Advocating for people on low incomes

This month Vinnies has reiterated its opposition to punitive budget measures and outlined its concerns over the growing gap between the rich and poor. In late August Vinnies made a submission to the Select Committee into the Abbott Government’s Budget Cuts the results of which will not be known until 20 June, 2016.  On 22 August, 2014 Vinnies made a submission on the Extent of Income Inequality in Australia. The Community Affairs References Committee conducted public hearings for the inquiry in Melbourne on 18 September, 2014 and in Hobart on the following day. The reporting date is due on 26 November, 2014.


Outcomes of Inquiries

In recent weeks Vinnies has been disheartened to learn the outcomes of two separate inquiries relating to budget measures. On 27 August 2014, the Senate Community Affairs Legislation Committee concluded in a majority report that the Stronger Penalties for Serious Failures Bill was proportional and reasonable. This is despite the vast majority of submissions and oral evidence to the Inquiry opposed the Bill. Vinnies made a submission to the inquiry and maintains that the suggested system of removing payments from people receiving income support is highly punitive and will have counterproductive effects. On 12 September, 2014 the Senate Standing Committees on Community Affairs handed down its report on the Social Security Budget Measures 1 and 2.  Again, the inquiry heard from charities and peak body representatives, who overwhelmingly opposed the changes, which include moving people from higher to lower payments and imposing a 26-week ban on Newstart for people aged under 30. However, the Committee’s majority report endorsed the changes to social security finding there were ‘appropriate safeguards’ to address the submitters’ concerns. In its Report the Committee did, however, quote Vinnies in several places (both oral evidence and the written submission). Vinnies made a submission to the inquiry on 22 July, 2014 stating that ‘We find very concerning the idea that the government would intentionally remove any semblance of a social safety net for a particular group of people’ [Being unemployed young people for six months of every year].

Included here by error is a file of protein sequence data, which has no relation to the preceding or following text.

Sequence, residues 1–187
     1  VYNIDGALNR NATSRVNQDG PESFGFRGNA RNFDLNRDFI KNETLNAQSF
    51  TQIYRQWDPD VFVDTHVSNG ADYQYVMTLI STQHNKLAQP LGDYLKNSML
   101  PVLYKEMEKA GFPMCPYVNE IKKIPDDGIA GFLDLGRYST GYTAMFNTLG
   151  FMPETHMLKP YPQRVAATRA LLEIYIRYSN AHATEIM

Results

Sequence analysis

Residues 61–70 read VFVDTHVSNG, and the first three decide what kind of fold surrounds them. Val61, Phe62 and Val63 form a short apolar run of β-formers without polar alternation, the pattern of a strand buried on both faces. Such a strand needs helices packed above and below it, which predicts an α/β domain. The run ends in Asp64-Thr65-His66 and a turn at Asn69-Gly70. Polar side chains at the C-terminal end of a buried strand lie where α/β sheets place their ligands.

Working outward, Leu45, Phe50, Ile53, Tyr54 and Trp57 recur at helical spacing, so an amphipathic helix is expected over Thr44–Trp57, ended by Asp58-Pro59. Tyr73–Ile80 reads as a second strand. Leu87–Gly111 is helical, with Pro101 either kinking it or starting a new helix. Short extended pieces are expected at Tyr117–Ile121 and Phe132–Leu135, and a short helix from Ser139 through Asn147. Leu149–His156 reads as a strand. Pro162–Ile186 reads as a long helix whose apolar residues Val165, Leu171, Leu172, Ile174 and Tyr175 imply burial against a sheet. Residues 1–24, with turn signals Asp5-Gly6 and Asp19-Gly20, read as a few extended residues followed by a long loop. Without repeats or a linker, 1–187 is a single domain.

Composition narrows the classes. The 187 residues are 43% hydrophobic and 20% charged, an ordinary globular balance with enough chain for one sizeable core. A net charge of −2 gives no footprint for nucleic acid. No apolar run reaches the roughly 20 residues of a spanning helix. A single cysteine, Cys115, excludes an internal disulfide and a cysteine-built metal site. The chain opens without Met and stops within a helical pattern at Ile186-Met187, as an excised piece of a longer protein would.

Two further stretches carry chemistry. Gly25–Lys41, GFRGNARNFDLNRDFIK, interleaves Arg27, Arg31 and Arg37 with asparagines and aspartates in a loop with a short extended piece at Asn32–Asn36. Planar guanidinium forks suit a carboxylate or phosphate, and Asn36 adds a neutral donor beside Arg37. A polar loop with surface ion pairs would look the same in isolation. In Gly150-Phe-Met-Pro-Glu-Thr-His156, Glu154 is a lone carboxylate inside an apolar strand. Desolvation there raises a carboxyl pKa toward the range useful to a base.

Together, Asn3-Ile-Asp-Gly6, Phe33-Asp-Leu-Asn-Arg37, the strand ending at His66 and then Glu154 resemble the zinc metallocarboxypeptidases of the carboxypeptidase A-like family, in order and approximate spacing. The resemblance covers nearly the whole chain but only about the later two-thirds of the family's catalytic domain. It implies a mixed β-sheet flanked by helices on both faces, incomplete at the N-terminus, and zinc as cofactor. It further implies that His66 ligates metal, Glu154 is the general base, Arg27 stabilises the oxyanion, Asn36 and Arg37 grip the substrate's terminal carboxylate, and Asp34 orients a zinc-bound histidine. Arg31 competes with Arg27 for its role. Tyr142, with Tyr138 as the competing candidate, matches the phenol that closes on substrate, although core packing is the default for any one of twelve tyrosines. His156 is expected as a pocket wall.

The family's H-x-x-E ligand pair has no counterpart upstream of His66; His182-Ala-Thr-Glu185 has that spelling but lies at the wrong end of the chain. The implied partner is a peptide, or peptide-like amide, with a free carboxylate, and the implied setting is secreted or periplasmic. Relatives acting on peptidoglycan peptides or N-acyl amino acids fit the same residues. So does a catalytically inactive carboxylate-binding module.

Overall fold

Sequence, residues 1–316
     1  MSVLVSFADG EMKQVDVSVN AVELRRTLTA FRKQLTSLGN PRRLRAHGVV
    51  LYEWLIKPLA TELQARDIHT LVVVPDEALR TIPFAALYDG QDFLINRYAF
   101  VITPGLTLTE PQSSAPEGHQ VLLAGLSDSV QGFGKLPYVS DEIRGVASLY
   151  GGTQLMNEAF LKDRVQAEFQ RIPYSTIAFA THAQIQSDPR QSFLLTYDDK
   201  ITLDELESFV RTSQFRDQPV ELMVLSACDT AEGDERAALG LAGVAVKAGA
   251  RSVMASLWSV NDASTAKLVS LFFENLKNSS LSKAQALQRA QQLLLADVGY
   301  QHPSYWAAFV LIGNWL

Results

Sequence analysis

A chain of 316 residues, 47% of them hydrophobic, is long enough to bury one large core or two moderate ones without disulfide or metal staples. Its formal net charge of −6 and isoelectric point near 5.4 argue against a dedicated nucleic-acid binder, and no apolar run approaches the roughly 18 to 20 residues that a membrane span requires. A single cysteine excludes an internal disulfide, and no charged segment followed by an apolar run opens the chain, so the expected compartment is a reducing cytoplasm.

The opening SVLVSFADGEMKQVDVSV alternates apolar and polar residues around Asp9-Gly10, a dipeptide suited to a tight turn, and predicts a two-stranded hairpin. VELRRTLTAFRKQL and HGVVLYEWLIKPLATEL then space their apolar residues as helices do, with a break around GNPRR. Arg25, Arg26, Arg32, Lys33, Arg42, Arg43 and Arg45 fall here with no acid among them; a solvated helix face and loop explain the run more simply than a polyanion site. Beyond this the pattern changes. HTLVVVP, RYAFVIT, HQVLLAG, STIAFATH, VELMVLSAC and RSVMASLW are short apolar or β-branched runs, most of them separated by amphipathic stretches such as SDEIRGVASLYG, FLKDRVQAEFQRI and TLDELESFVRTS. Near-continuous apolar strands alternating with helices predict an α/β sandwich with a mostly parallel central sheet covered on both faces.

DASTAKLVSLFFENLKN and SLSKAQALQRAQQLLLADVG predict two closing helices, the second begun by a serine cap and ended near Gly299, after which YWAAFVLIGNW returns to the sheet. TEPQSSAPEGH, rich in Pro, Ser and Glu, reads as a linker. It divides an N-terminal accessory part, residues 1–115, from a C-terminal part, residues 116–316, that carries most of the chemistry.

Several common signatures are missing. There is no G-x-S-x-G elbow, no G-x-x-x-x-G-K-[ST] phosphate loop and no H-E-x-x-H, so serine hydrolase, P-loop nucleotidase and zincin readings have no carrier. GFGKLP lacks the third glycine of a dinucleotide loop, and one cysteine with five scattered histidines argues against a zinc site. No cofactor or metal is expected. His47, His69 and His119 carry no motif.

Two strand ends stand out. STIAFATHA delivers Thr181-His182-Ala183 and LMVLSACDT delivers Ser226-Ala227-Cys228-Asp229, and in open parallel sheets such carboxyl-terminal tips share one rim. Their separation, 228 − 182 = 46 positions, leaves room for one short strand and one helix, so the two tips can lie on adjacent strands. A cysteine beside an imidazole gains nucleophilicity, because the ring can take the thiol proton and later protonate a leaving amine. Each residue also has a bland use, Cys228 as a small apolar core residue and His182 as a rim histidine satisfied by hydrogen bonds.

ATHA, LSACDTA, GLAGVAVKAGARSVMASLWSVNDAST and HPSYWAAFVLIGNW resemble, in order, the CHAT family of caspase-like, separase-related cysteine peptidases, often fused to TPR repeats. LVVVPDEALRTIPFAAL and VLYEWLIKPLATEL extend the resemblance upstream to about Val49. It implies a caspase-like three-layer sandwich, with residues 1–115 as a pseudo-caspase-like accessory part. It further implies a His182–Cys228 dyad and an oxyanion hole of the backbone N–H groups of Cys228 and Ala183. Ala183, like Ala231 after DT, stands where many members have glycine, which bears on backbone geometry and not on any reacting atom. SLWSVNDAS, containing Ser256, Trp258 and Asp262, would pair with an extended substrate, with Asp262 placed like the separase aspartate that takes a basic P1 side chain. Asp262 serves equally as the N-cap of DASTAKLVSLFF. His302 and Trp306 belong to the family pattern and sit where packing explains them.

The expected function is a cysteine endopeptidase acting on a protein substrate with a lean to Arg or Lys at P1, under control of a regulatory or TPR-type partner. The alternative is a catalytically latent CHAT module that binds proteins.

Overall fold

Coming up

It is nearly October and that means Anti-Poverty Week (October 12 to 18) and World Mental Health Day (10 October) are fast approaching. Vinnies takes an active role in promoting both awareness weeks and encourages members, volunteers and employees to get involved. The Australian Council of Social Services (ACOSS) will release their latest Poverty Report on 12 October, 2014 to coincide with the beginning for Anti-Poverty Week 2014. Visit www.vinnies.org.au for more information.